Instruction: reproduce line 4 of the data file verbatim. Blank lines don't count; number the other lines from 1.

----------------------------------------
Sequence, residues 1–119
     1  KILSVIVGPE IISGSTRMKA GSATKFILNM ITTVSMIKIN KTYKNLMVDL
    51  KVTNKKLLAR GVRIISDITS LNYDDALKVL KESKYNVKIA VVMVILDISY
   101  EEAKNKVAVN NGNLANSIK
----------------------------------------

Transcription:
   101  EEAKNKVAVN NGNLANSIK